While my Drexel Dragons sputtered and seized up several blocks away, my new love -- the Anteaters -- were tearing through the Big West Conference. In January of 2001, UCI rattled off 13 straight wins and would have spun a fearsome 22-game streak if not for a 62-57 loss at Utah State. I'd spend the week thinking thoughts like, "How many points can Jerry Green score against Boise State tonight?" and "Who's a better shooter, Ben Jones or Sean Jackson?" It didn't matter that I had nobody to talk to about this as I walked around the Drexel campus, it was my fun secret. But I still bought a UCI hat and t-shirt from the online store.
The 25-win Anteaters lost to Pacific in the tourney semis, which earned them a trip to Tulsa -- I listened to every minute of that 75-71 loss, too. The next year, there was more hope, and there was the emergence of a 7-0 European-style big named Adam Parada. After a one-point loss to UCLA in December, the 'Eaters ripped through the Big West, winning 13 league games but falling again in the semis, this time to California-Santa Barbara. That year's NIT trip ended badly at Brigham Young.
I still follow the Anteaters, like I do with all the Big West teams, but they've slowly slipped from their championship form -- 2002-03 was their last 20-win campaign. But finally last Saturday, in my regular travels, I made my first visit to Bren Events Center. I took pictures of the 2001 and 2002 Big West Conference championship banners. And it was basketball homecoming, one of those great mid-major traditions for teams without football, the culmination of a day of rides and booths and the crowning of a king and queen. After the Anteaters completed a win over Cal State Northridge, I got to talk to Pat Douglass, who's been head coach there since 1997.
"Why'd you come out all this way?" Douglass asked me when I said I worked with ESPN.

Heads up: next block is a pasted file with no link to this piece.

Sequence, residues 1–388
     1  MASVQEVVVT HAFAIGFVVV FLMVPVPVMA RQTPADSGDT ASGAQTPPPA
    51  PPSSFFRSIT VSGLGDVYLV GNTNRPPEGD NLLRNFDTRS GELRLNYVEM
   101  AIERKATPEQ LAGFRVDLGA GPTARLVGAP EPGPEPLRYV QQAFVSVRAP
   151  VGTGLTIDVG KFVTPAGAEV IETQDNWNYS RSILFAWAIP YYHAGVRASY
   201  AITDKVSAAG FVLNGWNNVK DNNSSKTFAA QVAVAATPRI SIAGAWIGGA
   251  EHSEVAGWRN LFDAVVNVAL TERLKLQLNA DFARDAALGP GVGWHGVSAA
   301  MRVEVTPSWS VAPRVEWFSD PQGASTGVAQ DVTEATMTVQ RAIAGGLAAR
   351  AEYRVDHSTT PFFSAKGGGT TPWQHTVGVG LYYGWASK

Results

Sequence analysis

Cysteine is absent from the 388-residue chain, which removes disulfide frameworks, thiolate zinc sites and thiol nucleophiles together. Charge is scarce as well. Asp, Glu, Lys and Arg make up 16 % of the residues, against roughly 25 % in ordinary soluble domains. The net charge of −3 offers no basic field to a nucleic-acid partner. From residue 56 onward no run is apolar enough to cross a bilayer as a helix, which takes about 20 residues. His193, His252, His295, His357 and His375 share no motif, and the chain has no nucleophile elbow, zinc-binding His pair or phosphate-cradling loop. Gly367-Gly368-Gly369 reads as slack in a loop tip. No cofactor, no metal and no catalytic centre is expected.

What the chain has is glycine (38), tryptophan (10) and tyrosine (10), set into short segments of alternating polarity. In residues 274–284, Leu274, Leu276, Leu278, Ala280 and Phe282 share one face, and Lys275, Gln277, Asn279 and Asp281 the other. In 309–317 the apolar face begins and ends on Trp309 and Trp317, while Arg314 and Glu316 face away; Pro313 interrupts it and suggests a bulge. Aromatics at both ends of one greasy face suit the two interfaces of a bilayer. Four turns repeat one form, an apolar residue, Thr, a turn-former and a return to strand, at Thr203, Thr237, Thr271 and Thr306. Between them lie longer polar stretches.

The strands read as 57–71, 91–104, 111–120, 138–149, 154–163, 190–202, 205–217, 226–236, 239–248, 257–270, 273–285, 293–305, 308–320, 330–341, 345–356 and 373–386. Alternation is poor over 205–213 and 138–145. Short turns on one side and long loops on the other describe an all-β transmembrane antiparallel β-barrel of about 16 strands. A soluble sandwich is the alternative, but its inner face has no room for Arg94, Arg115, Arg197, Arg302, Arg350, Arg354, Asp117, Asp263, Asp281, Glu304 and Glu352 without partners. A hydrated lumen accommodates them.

I've interviewed nearly 150 Division I coaches, but it was as if I had met a celebrity. "Oh, just coming to see you guys play," I blurted out in my trademarked blend of casual, off-handed speech and stuttering.
I also got to talk to the long-time radio team, and was just as nervous. I didn't think they were used to wild-eyed weirdos with press passes coming up to them, thanking them profusely, and gushing about internet radio and Jerry Green and that night they beat Utah State by a point in 2002. They were kind as I tried to stammer through a litany of reasons why what they were doing was making a positive impact; I just didn't have the words handy.
But after a couple days of reflection, I do now. In the decade or so since Internet use became widespread, we've all taken its fundamental magic for granted. This web allows you to visit other places, to learn things you didn't know, to read these words I type in Los Angeles from wherever you are. It allows Tomohide Katagiri
to follow his beloved and adopted Vermont Catamounts from Japan, and it allows you to adopt any school you'd like to and follow them well enough to fall in love. The Internet allows anyone who wants to to expand their horizons beyond the home team, to see the big picture -- and with over 300 teams, it's a very huge picture -- with more clarity.
It certainly did for me. And credit where it's due, I might not have reached this point if it wasn't for those crazy Anteaters. Zot.